Performed in the original Italian with Czech surtitles
Premiere 26th October 2001, Janáček Theatre
Dumas’ novel The Lady of the Camellias took Verdi’s breath away. He knew the location well – Paris, a city full of bustle, had never been his favourite and this tragic tale reminded him also of his own experience. In 1847 after some time he met again with his friend and the interpreter of his early works, the soprano Giuseppina Strepponi. They became close and their deep bond lasted until the end of her life. For years they cohabited and Verdi experienced for himself society’s opposition to “illegal” relationships. They were forced to live in seclusion in his manor at Sant’ Agata. His personal experience undoubtedly intensified his understanding and sympathy for the heroine, which permeates the whole opera… Probably none of those attending the Venetian premiere, which was a destructive fiasco, could have believed that they had witnessed the birth of one of the most popular and most performed Italian operas. Verdi always sought for his operas works with a dramatic plot and special characters and these were certainly present in Dumas’ work. Clear and moving lyrical music, which in Italian bel canto closely combined with dramatic expression, led to the creation of a timeless opera. The classical production offers a remarkable perspective on the life of a woman on the edges of society.
Janáček Opera Ensemble and Orchestra of the National Theatre Brno
Guests are gathering in the parlour of the renowned Parisian courtesan, Violetta. Gastone introduces his guest Alfredo Germont, who is a great admirer of Violetta. At first she refuses the young man’s love, pointing out her changeable and dissolute way of life. The sincerity and strength of Alfredo’s love eventually convinces her that it would be possible to fulfil her dream of true happiness with him.
Violetta and Alfredo spend many happy days together in the countryside near Paris. This way of life is expensive, however, and Violetta is forced to secretly pawn her jewellery in order to cover their debts. When Alfredo discovers her financial situation, he travels to Paris in order to settle matters. In Alfredo’s absence, his father visits Violetta. He reproaches her for threatening Alfredo’s future and the good reputation of his family. Violetta, however, convinces him of her love and pure intentions, but despite his sympathy for this girl who confesses that she is dying from consumption and that Alfredo is her final source of happiness, Germont remains steadfast. Violetta must renounce her love, otherwise she would threaten the happiness of his daughter whose fiancé would leave her should Alfredo continue to besmirch the family by co-habiting with a courtesan. Violetta promises to undergo this sacrifice. She leaves a letter for Alfredo and departs for Paris. Alfredo is in despair and disregards the requests by his father to return home with him; his thoughts are overcome with a desire for revenge, for he believes that Violetta has left him for another, and he rushes to confront her.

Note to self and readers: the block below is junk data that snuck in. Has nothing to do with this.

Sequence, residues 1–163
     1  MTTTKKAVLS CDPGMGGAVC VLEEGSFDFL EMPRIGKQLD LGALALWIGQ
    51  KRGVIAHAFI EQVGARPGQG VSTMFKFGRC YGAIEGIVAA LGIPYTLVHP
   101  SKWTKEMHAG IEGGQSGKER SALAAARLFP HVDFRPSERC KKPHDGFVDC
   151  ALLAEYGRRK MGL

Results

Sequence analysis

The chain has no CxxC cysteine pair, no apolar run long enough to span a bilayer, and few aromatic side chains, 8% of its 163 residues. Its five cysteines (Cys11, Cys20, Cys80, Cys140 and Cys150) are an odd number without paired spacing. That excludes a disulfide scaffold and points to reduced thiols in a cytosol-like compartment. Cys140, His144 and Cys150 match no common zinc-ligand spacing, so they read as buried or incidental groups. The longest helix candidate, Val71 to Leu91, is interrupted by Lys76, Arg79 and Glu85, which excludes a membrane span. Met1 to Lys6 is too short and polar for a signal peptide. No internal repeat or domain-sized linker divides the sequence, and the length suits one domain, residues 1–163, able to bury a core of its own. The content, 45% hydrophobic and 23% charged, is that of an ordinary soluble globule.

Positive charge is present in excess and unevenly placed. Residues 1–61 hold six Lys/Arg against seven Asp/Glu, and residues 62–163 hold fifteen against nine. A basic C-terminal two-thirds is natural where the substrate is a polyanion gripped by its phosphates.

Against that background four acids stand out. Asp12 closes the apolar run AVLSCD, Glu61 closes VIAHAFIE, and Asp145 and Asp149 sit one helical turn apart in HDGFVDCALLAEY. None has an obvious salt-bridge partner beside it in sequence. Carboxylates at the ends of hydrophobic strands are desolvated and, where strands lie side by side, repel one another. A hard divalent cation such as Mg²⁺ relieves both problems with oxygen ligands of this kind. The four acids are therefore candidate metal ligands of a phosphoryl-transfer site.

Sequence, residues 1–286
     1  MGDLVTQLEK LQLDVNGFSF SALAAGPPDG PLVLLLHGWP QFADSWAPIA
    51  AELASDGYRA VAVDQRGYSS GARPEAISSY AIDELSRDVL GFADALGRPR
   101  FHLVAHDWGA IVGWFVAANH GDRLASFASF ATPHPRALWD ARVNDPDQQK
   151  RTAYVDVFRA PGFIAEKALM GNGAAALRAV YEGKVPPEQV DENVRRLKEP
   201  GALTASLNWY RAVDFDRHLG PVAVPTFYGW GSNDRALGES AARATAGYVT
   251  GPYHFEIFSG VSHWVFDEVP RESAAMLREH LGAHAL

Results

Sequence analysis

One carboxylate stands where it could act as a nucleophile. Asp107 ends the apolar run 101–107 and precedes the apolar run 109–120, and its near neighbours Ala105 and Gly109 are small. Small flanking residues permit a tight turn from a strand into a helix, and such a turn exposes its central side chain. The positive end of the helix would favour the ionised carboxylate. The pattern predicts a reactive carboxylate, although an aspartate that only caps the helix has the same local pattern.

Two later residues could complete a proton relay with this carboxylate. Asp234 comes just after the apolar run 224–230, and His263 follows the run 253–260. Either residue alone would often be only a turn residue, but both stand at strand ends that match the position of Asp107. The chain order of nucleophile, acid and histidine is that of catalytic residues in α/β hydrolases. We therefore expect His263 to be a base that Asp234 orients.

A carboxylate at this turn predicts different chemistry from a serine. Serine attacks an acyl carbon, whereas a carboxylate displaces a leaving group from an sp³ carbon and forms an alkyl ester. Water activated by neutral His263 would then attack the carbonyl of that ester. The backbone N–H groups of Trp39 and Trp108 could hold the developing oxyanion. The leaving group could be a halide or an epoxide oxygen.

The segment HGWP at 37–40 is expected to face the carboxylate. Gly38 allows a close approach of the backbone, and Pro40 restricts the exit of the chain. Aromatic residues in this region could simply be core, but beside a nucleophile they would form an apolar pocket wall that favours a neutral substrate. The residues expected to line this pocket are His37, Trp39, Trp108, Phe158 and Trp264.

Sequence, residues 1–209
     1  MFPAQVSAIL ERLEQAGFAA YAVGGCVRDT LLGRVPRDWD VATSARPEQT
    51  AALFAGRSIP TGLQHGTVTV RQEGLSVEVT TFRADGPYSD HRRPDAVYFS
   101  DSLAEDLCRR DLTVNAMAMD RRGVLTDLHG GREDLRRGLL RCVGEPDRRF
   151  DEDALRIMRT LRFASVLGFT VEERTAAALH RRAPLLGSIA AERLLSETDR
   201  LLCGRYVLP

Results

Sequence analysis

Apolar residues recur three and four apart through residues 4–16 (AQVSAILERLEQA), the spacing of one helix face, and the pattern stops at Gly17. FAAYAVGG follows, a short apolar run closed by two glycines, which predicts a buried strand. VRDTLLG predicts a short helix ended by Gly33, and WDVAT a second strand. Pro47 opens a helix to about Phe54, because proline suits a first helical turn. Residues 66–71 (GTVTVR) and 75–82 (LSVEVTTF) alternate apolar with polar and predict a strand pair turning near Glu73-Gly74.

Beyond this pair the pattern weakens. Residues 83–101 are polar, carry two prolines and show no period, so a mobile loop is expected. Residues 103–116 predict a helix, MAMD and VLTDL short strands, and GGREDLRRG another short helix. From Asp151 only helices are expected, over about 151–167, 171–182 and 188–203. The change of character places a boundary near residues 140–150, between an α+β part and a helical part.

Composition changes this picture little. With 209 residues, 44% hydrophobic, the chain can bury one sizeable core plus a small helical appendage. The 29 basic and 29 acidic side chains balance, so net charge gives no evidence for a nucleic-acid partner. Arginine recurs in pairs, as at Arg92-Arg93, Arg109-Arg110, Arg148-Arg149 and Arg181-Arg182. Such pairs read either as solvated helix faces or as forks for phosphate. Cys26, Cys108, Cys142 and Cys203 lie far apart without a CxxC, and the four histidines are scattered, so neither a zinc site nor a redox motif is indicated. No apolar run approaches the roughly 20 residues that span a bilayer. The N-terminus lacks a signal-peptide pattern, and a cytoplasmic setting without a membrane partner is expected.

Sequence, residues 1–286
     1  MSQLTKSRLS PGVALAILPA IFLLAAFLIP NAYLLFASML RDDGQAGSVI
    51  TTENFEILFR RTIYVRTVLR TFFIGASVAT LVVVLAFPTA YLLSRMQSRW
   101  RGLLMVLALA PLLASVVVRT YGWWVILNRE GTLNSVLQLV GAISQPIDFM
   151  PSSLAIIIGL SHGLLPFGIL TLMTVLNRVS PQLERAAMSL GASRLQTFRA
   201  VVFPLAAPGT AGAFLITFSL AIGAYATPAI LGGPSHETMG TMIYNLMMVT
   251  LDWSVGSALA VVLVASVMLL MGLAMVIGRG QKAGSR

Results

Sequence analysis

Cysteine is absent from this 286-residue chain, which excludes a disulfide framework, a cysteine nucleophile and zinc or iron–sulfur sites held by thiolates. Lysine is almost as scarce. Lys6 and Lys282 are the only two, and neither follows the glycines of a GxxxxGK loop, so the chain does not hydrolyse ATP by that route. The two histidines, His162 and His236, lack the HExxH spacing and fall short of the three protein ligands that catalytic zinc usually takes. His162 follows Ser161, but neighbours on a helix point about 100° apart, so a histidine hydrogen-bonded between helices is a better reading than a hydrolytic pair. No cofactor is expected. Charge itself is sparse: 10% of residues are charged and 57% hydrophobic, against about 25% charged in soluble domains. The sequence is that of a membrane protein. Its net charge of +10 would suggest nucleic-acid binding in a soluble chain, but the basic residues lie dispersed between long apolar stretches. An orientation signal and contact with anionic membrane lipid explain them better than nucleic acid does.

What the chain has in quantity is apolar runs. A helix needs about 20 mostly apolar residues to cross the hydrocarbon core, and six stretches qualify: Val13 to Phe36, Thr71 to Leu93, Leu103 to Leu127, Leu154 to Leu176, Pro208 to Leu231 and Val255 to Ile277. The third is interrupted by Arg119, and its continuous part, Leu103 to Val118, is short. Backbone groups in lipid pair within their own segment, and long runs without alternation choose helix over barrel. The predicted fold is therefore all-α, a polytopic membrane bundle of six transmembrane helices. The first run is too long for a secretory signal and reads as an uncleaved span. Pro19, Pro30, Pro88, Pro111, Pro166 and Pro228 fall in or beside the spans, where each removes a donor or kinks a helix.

Scene – change
At Flora’s house a merry party is under way. Violetta arrives accompanied by Baron Douphol. Also present is Alfredo, who challenges the Baron to a game of cards, but loses. Violetta is afraid for his safety and requests him to leave. Alfredo however wants to gain one piece of information from her: does she love the Baron? True to her promise that she had made to Germont, she replies that she does. In front of all the assembled guests, the insulted Alfredo throws his winnings at her feet, denouncing his love for her. Such behaviour insults all those present, including Germont who follows his son to Paris, as he is afraid for him.
Violetta is at her wits’ end; her illness has returned, her friends have abandoned her, and she is without money. Her only solace is a letter from Germont, from which she has discovered that he had informed Alfredo of her sacrifice. Alfredo had injured the Baron in a duel, and had been forced to leave the country. He promised to return soon, however, and this thought returned her will to live, but it is too late.